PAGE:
I really enjoyed playing around on the new Beta RR200. I’m not an extreme enduro guy at all by any means but I found myself riding over logs and rocks and trying to find challenging stuff to ride up and down. I’m usually a ‘cutting laps, test track’ guy and don’t get me wrong, I did do a bunch of laps around our little test loop during the day, but I would then stop that and go searching for stuff to play ride on.

I haven’t really had a feeling on a bike to do that in a long time and it was pretty neat. I take my hat off to those extreme enduro riders though because that stuff can get out of hand pretty quick.

So, who is this bike best suited too? Being such an easy bike to ride, I’d say that it has a very broad range of riders that it appeals to. Someone who is a good, solid A Grade rider who is all about the slow, extreme enduro stuff would thrive on this bike because of its weight and power delivery. Also, a young junior enduro rider coming off an 85 onto a big bike would very easily make the transition onto the RR200.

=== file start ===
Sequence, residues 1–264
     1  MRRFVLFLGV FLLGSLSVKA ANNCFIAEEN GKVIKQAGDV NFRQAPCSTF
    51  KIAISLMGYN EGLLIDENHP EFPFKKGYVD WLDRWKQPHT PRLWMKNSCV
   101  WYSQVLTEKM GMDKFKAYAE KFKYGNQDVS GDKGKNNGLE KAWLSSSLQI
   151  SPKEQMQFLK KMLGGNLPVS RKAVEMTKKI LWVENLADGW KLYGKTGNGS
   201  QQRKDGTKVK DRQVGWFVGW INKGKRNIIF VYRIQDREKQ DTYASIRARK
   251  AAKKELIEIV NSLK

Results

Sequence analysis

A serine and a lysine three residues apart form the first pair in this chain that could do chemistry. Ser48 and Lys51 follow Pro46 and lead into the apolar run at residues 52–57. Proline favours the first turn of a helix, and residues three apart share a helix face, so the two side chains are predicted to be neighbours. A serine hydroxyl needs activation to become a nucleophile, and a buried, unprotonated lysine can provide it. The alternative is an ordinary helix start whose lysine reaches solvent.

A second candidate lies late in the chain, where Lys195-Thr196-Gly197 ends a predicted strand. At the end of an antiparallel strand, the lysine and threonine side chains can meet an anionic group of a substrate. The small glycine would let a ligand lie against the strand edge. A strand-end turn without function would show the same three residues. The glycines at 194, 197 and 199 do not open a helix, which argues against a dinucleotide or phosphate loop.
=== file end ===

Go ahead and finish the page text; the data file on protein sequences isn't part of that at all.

I could go to the complete other side of the coin and say the RR200 is possibly one of the best two stroke bikes on the market for someone to get into dirtbikes and learn to ride on. Electric start, lightweight, and manageable power delivery make the RR200 a very safe bike for someone brand new to the sport. That’s a pretty versatile bike if you ask me.

All up, I had a ball on the new Beta RR200. It’s very much a fun bike to ride with a smooth engine that is torquey enough to take you anywhere you want to go. The new updates to the ZF suspension front and rear are a step in the right direction and now, the bike sits up higher and rides really nice on just about any trail you can throw at it. You can own one of these fun machines for $12,995 rrp. I’ve said it before, and I’ll say it again, two strokes rule.